Now here is a crazy suggestion – how about stopping in Court House Grounds merely for a relaxing cup of coffee? The place seems perfectly suitable for that too. Spend some time with a cup of coffee that does not come in a cardboard or Styrofoam cup? Crazy, I know. Court House Grounds is located at 65 S. Washington St., Danville, Indiana. I give it three gavels because of the imperfections mentioned herein. However, the likable, quaint, and comforting atmosphere made it a perfect experience.•

– Jennifer Lukemeyer
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Fred Vaiana and Jennifer M. Lukemeyer practice at Voyles Zahn Paul Hogan & Merriman in Indianapolis, focusing in criminal defense. The opinions expressed in this column are the authors’.

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  1. Someone off their meds? C'mon John, it is called the politics of Empire. Get with the program, will ya? How can we build one world under secularist ideals without breaking a few eggs? Of course, once it is fully built, is the American public who will feel the deadly grip of the velvet glove. One cannot lay down with dogs without getting fleas. The cup of wrath is nearly full, John Smith, nearly full. Oops, there I go, almost sounding as alarmist as Smith. Guess he and I both need to listen to this again: https://www.youtube.com/watch?v=CRnQ65J02XA

  2. Charles Rice was one of the greatest of the so-called great generation in America. I was privileged to count him among my mentors. He stood firm for Christ and Christ's Church in the Spirit of Thomas More, always quick to be a good servant of the King, but always God's first. I had Rice come speak to 700 in Fort Wayne as Obama took office. Rice was concerned that this rise of aggressive secularism and militant Islam were dual threats to Christendom,er, please forgive, I meant to say "Western Civilization". RIP Charlie. You are safe at home.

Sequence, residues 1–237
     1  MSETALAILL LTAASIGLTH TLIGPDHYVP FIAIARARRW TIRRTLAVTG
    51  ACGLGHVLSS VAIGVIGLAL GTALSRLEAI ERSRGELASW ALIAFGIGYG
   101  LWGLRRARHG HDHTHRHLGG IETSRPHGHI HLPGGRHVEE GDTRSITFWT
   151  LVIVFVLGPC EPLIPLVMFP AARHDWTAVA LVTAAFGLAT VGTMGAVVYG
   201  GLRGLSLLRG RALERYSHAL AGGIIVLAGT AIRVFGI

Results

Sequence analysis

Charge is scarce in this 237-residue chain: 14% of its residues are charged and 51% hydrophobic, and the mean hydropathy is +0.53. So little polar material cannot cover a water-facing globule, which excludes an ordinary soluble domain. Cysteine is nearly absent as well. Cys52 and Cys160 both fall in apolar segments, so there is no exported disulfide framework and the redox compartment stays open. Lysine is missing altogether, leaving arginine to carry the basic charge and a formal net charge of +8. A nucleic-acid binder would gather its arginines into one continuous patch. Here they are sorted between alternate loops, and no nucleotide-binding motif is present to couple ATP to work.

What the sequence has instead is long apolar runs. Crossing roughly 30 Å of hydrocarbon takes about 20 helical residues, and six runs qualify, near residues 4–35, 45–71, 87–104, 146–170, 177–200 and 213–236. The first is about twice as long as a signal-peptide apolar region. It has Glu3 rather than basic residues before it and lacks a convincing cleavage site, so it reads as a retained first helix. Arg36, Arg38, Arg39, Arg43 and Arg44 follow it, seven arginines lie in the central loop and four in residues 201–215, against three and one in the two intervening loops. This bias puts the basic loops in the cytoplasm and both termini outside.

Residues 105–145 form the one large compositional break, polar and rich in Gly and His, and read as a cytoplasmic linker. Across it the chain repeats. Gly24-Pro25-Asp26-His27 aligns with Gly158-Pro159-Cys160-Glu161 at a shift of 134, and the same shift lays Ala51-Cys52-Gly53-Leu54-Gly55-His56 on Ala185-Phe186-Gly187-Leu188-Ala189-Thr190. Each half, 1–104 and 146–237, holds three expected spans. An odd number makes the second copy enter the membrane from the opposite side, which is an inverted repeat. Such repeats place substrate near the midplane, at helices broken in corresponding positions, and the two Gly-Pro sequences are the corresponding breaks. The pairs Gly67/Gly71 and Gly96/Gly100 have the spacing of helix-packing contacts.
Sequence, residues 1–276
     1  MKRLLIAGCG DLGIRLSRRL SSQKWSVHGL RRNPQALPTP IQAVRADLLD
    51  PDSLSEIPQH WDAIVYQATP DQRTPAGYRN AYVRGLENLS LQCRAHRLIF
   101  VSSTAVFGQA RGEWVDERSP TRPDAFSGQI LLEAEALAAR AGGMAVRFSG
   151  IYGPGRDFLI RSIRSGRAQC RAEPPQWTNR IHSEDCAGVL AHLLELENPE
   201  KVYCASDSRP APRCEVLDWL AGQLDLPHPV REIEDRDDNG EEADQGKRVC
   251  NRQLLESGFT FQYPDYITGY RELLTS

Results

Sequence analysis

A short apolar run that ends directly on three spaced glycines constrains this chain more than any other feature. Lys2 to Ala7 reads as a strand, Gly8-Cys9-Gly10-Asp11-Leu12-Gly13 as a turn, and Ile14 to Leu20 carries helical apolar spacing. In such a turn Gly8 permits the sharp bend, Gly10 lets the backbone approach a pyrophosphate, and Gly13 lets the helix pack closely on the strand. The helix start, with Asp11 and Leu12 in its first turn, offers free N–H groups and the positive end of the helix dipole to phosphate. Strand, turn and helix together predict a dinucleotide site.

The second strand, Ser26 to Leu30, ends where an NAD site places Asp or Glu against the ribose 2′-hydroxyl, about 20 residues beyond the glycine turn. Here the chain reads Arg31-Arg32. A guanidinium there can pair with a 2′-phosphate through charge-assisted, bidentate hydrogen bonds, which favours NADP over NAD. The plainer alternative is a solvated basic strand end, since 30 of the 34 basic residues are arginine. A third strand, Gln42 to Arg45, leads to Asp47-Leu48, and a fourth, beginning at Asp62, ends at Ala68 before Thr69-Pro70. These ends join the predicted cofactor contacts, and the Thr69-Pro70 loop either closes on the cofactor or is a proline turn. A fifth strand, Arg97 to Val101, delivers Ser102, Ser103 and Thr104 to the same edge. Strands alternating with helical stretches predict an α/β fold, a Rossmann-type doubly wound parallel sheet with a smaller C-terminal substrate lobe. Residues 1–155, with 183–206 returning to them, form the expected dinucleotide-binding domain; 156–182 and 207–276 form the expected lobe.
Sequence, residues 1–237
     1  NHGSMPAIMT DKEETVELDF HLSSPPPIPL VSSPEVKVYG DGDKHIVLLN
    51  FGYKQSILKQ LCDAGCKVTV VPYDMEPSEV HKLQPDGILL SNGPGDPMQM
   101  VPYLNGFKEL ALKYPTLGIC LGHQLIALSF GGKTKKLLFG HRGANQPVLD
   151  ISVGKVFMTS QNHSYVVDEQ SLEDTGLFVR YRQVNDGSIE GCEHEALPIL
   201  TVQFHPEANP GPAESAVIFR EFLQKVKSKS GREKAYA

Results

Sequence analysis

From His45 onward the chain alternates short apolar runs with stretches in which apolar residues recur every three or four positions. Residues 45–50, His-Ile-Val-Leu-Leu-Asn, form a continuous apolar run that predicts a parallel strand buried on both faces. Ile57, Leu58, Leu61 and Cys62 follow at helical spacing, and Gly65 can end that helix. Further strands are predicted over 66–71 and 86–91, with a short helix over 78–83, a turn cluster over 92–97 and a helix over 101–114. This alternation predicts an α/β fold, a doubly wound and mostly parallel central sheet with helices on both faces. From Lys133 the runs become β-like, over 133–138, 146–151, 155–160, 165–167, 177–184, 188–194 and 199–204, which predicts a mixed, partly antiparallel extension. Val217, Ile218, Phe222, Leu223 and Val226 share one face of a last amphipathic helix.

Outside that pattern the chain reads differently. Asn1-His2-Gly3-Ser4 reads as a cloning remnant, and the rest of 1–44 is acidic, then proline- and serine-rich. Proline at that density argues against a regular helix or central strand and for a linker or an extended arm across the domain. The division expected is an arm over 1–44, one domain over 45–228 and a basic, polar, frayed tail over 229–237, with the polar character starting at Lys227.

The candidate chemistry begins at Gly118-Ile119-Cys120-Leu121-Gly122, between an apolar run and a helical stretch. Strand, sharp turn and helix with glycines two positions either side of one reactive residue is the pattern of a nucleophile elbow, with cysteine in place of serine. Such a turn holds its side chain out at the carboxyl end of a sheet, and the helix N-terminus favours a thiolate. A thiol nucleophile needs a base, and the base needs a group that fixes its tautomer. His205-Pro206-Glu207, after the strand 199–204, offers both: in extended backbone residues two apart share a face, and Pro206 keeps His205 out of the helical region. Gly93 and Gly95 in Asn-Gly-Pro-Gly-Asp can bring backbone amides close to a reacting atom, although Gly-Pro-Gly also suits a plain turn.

3. It's a big fat black mark against the US that they radicalized a lot of these Afghan jihadis in the 80s to fight the soviets and then when they predictably got around to biting the hand that fed them, the US had to invade their homelands, install a bunch of corrupt drug kingpins and kleptocrats, take these guys and torture the hell out of them. Why for example did the US have to sodomize them? Dubya said "they hate us for our freedoms!" Here, try some of that freedom whether you like it or not!!! Now they got even more reasons to hate us-- lets just keep bombing the crap out of their populations, installing more puppet regimes, arming one faction against another, etc etc etc.... the US is becoming a monster. No wonder they hate us. Here's my modest recommendation. How about we follow "Just War" theory in the future. St Augustine had it right. How about we treat these obvious prisoners of war according to the Geneva convention instead of torturing them in sadistic and perverted ways.

  4. As usual, John is "spot-on." The subtle but poignant points he makes are numerous and warrant reflection by mediators and users. Oh but were it so simple.

  5. ACLU. Way to step up against the police state. I see a lot of things from the ACLU I don't like but this one is a gold star in its column.... instead of fighting it the authorities should apologize and back off.